Bicycles are permitted on the freeway shoulder wherever the following symbol appears:



Most freeways in Southern California are now identified by number, not by name. However, freeway names have been noted in the section headings.

In recent years, small signs have been posted on some freeways marking them as memorials to individuals. Where available, these names are mentioned in the introductory text for each freeway.


There are now emergency call boxes on freeways in San Diego, Imperial, Orange, and Riverside Counties. Each one is marked by a rectangular sign with the words "Call Box" in white lettering on a blue background. At the bottom of the sign are two numbers. The first is the highway number, and the second is the approximate distance, in tenths of a mile, from the southern or western end of the highway (or the place where it enters the county). In the case of highways under construction, the distance is apparently measured from what will be the end of the highway when it is finished.

In San Diego County, call boxes on the south and east sides of freeways bear even numbers and call boxes on the north and west sides bear odd numbers. (This convention is the opposite of that used for building numbers in much of the San Diego area.) The convention in other counties may be different.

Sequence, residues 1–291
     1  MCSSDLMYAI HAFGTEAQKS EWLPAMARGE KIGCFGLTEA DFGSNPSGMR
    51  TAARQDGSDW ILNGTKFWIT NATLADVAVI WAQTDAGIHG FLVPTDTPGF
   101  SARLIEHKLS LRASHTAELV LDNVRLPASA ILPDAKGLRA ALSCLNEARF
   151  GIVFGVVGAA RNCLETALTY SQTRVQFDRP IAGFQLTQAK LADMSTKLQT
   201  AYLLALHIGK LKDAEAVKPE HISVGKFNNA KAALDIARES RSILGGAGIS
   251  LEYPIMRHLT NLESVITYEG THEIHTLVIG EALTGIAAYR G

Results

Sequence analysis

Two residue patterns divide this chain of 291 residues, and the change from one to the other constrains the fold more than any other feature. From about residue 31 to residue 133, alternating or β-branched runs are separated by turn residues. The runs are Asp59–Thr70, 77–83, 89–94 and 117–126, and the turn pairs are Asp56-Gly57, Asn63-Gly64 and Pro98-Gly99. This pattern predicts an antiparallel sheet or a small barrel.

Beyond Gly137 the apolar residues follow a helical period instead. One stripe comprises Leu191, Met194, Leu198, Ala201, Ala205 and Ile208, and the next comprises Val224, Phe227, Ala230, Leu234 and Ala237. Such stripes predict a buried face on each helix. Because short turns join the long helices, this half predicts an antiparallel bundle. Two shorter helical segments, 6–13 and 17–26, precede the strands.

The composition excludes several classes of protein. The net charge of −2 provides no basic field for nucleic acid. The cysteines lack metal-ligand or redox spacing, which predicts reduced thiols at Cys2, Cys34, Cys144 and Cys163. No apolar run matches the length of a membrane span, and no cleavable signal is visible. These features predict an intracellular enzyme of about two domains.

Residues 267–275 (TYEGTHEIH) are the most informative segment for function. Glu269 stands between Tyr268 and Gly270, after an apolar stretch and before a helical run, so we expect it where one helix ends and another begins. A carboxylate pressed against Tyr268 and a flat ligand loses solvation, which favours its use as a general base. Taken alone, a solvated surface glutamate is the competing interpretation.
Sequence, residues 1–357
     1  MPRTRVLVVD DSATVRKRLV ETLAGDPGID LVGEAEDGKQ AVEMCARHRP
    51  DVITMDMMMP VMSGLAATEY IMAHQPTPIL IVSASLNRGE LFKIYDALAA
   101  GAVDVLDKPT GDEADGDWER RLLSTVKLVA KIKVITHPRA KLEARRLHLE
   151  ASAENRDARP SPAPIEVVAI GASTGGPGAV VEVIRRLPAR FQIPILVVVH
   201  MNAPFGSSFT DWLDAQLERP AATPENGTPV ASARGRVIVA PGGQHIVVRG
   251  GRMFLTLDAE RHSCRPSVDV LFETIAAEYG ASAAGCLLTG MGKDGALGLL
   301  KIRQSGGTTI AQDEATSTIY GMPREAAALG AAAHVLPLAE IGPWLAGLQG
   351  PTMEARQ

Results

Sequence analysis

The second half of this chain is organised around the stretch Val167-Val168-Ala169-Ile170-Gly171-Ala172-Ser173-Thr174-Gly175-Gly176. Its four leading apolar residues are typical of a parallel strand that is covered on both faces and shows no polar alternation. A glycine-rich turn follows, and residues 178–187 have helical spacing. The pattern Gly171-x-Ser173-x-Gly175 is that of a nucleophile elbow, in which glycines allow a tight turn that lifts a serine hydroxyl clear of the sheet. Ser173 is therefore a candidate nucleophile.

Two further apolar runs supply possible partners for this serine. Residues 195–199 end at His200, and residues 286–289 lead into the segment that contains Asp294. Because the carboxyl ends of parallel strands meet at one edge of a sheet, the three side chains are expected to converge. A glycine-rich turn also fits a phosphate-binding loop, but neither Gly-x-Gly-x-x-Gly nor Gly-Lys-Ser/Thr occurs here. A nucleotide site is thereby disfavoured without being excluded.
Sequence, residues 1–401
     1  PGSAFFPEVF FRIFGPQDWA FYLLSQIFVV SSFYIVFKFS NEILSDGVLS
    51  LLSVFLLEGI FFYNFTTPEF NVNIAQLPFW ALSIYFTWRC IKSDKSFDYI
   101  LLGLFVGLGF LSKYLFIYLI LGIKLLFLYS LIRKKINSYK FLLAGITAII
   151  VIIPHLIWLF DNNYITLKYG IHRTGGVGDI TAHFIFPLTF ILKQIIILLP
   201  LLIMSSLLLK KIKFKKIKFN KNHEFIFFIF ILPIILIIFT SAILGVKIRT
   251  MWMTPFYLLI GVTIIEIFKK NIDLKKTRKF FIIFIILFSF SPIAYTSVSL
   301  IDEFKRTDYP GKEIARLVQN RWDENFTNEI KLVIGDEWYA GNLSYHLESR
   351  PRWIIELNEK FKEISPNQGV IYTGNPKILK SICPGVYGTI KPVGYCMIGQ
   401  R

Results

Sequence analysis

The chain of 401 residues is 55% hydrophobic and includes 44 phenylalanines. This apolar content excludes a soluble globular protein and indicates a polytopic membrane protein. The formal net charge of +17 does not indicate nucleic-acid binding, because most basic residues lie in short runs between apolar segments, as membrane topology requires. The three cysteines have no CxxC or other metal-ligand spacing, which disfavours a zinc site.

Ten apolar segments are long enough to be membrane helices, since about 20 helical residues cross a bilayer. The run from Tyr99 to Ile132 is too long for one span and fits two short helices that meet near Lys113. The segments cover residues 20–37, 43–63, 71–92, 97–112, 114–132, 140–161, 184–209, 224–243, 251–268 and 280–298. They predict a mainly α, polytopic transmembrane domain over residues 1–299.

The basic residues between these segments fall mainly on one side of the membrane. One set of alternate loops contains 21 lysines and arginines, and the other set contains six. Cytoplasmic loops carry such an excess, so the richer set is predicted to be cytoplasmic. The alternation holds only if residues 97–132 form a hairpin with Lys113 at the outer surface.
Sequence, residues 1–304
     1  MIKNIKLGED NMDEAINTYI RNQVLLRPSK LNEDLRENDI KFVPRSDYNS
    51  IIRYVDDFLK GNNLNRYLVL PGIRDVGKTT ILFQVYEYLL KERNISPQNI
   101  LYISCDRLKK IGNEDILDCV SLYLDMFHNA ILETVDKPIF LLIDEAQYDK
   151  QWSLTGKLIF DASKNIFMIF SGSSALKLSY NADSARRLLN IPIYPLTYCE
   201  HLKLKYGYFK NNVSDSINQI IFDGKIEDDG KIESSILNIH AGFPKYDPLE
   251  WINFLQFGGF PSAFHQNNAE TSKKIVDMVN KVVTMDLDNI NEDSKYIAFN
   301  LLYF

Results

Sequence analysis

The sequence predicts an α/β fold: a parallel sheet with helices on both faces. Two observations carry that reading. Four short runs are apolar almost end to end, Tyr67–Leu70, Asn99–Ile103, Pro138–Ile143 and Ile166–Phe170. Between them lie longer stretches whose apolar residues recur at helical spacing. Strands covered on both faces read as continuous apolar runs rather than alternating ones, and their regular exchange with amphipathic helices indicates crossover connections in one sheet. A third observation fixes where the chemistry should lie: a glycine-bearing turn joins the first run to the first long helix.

There are also call boxes on state highways that are not freeways, on a few roads that are not state highways or freeways, and in a few other places. Call boxes were put on I-8 in Imperial County in early 2000; before that time there were no call boxes in Imperial County.

Many call boxes have keyboards for use by motorists with speech or hearing impairments.

This list is a truncated version of a larger list that included additional exits in Orange and Riverside Counties and in Arizona. The list was becoming out-of-date; therefore I cut it down to a manageable size. The original is still available, but it will no longer be updated.